I ask the Minister to give greater consideration to that issue. We want to retain the most gifted students in our state schools, bring them to their full potential and use them as exemplars for other students, so that a golden thread of aspiration is sewn through each and every school, as has been suggested by a number of other Members.
I am the product of a grammar school, and I remember various episodes when I was there that allowed me to aspire to the university place to which my parents could never aspire, and also to running my own business, becoming professionally qualified and eventually becoming a Member of this House. We must push pupils upwards and not hold back their talents.
I finish this brief contribution by returning to a theme that runs through so many of my speeches, but which nevertheless is important to drive home once again. Our wont in recent years has been to tinker with our educational system to engineer particular social outcomes, but the attitudes of our competing nations could not be more different; my hon. Friend the Member for South West Norfolk covered that matter skilfully and in great detail. It is that sense of being in a highly competitive globalised world that will, and should, remain an important element of all our thinking. One need look only at the high number of highly skilled school leavers and graduates, not just in India and China but in Vietnam, Indonesia, Malaysia and Singapore, to understand that the world is not waiting for Britain to churn out the brightest and best any more. In my 10 years as a local MP, I have regularly visited primary and secondary schools and higher education establishments to talk to students.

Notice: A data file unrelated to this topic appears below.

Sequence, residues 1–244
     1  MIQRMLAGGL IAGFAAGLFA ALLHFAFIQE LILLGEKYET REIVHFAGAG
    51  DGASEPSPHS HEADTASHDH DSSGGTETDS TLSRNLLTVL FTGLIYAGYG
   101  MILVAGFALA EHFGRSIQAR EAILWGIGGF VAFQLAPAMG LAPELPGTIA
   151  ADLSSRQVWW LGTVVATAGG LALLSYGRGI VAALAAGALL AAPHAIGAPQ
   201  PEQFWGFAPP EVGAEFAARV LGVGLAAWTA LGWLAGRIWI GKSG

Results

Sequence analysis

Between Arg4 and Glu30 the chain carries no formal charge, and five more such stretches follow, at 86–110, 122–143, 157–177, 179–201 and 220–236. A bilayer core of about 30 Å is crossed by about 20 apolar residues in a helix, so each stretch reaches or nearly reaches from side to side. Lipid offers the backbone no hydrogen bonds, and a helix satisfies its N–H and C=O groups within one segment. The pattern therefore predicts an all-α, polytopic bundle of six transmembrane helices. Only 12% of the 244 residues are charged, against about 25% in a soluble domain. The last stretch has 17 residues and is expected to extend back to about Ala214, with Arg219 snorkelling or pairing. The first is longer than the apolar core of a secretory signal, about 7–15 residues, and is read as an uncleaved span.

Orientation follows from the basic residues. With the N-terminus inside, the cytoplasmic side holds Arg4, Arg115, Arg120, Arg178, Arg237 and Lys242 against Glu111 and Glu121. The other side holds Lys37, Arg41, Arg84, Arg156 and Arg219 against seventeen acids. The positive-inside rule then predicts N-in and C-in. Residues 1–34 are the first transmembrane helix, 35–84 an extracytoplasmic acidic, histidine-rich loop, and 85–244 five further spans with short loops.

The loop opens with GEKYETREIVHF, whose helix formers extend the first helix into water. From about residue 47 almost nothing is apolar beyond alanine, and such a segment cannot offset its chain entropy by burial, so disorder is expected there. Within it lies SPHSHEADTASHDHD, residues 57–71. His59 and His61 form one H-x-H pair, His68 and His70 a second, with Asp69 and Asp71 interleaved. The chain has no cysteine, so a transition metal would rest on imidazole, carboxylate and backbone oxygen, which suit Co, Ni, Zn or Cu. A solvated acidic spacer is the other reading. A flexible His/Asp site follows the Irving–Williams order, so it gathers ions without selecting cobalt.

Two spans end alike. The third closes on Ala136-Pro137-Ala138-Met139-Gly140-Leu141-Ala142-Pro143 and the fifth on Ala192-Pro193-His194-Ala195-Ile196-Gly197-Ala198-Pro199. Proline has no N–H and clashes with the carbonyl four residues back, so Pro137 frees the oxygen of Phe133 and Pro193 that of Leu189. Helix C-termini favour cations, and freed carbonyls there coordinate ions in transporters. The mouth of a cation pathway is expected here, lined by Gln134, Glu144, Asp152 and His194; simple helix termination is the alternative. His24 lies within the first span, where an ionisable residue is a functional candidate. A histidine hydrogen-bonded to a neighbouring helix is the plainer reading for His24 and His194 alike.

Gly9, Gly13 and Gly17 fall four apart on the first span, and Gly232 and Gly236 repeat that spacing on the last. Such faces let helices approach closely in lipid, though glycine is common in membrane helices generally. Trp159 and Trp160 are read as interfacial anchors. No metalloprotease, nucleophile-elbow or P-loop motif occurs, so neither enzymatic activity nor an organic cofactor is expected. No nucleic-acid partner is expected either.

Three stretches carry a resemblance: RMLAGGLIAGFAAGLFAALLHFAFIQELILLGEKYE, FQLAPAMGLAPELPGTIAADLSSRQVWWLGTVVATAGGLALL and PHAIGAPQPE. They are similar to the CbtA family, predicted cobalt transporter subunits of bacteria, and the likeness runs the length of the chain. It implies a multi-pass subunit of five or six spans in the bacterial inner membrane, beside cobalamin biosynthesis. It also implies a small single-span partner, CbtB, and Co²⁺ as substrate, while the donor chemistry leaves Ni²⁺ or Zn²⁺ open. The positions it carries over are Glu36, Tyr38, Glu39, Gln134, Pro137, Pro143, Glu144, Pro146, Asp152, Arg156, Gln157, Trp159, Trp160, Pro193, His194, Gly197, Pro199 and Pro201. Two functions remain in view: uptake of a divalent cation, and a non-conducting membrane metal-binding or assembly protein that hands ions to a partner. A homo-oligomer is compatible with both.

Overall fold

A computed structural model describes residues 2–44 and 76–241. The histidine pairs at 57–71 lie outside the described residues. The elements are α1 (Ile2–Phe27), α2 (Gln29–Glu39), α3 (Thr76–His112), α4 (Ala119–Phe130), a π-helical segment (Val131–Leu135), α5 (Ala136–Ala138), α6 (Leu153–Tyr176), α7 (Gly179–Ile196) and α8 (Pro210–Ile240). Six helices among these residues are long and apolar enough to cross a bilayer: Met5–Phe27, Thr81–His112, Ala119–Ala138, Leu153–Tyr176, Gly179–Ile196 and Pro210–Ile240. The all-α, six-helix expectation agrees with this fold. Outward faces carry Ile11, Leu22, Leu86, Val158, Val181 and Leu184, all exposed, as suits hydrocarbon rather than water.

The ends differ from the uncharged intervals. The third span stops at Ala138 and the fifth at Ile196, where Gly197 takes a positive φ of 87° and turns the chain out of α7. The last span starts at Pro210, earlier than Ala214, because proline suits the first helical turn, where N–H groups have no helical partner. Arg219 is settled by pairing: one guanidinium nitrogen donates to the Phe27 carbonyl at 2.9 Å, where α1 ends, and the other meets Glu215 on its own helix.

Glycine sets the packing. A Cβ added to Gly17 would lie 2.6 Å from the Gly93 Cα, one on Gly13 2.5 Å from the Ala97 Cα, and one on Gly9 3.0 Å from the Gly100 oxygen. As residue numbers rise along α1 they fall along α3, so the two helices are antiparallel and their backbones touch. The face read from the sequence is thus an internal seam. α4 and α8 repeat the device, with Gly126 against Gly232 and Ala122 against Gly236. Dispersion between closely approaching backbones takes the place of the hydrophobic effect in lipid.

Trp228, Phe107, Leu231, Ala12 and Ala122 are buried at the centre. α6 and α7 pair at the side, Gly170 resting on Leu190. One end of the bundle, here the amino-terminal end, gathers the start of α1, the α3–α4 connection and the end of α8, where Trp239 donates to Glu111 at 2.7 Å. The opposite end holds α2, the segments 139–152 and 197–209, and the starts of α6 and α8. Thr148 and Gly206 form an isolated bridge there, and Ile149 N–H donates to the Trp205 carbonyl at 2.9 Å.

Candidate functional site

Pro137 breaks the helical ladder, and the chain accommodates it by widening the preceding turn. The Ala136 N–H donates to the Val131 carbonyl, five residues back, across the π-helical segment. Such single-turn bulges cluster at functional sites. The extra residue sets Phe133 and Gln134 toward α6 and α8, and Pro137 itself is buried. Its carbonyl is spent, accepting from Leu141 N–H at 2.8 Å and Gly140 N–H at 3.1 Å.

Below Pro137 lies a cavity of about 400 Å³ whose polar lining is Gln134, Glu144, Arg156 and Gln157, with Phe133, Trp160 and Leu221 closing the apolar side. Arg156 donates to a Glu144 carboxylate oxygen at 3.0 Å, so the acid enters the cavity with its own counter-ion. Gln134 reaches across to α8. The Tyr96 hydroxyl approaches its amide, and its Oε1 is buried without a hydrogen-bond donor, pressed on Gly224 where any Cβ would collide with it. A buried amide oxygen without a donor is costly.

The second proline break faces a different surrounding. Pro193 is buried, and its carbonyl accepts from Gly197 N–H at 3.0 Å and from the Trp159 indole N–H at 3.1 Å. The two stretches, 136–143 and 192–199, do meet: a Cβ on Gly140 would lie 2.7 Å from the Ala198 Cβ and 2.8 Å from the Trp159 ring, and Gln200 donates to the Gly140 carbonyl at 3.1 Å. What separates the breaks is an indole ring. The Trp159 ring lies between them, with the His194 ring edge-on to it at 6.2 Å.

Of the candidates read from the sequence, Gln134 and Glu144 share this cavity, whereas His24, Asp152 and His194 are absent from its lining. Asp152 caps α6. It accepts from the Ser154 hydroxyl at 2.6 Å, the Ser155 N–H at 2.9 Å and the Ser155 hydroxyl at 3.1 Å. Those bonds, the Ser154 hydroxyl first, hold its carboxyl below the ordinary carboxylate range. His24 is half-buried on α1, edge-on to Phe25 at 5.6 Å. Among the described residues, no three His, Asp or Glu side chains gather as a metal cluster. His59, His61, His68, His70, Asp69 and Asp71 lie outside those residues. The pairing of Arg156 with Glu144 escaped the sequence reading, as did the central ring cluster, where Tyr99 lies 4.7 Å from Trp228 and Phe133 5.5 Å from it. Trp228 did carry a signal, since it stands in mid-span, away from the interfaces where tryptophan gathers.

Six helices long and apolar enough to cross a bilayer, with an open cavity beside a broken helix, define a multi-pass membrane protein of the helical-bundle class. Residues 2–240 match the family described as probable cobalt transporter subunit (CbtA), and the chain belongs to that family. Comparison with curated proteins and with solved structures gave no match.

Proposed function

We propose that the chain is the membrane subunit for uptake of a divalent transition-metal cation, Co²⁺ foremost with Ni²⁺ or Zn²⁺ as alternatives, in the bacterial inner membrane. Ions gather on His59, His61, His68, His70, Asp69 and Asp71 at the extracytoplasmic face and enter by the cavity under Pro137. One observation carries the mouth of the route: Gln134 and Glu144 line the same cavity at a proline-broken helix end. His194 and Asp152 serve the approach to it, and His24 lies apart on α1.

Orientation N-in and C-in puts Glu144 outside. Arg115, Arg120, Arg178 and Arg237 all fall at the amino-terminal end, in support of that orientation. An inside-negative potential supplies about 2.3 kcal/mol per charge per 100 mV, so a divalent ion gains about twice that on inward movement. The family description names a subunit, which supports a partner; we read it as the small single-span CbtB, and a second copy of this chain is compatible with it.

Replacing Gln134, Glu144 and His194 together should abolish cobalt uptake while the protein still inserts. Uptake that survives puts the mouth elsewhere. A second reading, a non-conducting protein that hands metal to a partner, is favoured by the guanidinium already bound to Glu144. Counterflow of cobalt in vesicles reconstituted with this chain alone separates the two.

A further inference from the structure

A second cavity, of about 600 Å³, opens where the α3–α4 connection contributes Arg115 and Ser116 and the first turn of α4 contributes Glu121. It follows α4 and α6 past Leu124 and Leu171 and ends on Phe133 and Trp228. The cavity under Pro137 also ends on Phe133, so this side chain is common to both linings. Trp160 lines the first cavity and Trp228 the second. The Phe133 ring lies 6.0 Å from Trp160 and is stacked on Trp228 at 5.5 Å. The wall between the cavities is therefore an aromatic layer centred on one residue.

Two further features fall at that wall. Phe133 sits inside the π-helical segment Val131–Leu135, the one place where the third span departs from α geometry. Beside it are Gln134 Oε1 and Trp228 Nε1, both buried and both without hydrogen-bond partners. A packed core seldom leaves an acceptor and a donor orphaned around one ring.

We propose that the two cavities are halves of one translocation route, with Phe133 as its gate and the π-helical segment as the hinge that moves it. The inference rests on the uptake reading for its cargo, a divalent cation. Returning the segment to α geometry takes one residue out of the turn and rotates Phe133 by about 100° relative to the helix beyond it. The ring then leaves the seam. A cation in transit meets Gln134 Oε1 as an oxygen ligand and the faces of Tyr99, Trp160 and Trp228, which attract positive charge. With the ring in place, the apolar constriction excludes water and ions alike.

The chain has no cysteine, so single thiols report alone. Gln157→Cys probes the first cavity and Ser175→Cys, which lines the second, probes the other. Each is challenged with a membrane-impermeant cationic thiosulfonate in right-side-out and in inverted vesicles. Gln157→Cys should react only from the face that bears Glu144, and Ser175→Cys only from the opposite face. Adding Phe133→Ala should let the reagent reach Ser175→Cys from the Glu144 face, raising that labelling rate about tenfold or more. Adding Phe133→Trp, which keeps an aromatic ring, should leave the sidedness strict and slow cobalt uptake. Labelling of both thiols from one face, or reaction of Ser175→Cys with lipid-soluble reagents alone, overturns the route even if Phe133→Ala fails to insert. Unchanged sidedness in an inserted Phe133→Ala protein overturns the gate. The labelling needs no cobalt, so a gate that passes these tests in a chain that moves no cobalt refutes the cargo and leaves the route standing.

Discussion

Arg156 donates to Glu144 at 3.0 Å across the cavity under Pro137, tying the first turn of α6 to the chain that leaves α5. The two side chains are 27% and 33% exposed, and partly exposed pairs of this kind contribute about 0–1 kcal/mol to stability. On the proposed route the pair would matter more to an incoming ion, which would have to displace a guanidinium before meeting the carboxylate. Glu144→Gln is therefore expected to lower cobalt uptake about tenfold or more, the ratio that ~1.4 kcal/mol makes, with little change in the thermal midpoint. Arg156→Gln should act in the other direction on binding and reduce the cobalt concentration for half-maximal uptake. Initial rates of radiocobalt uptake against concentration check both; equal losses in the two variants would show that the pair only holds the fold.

Contrary to the negative image of young people sometimes portrayed in the media, I am always impressed by students’ sharp and inquisitive minds. Our country is brimming with talent, including here in our inner cities. That talent exists to be developed and can compete with the likes of India and China in the decades ahead, but that will happen only if we pursue excellence relentlessly and equip our young people with the tools to take on their peers. We do everyone a disservice by suggesting that there are shortcuts in this world.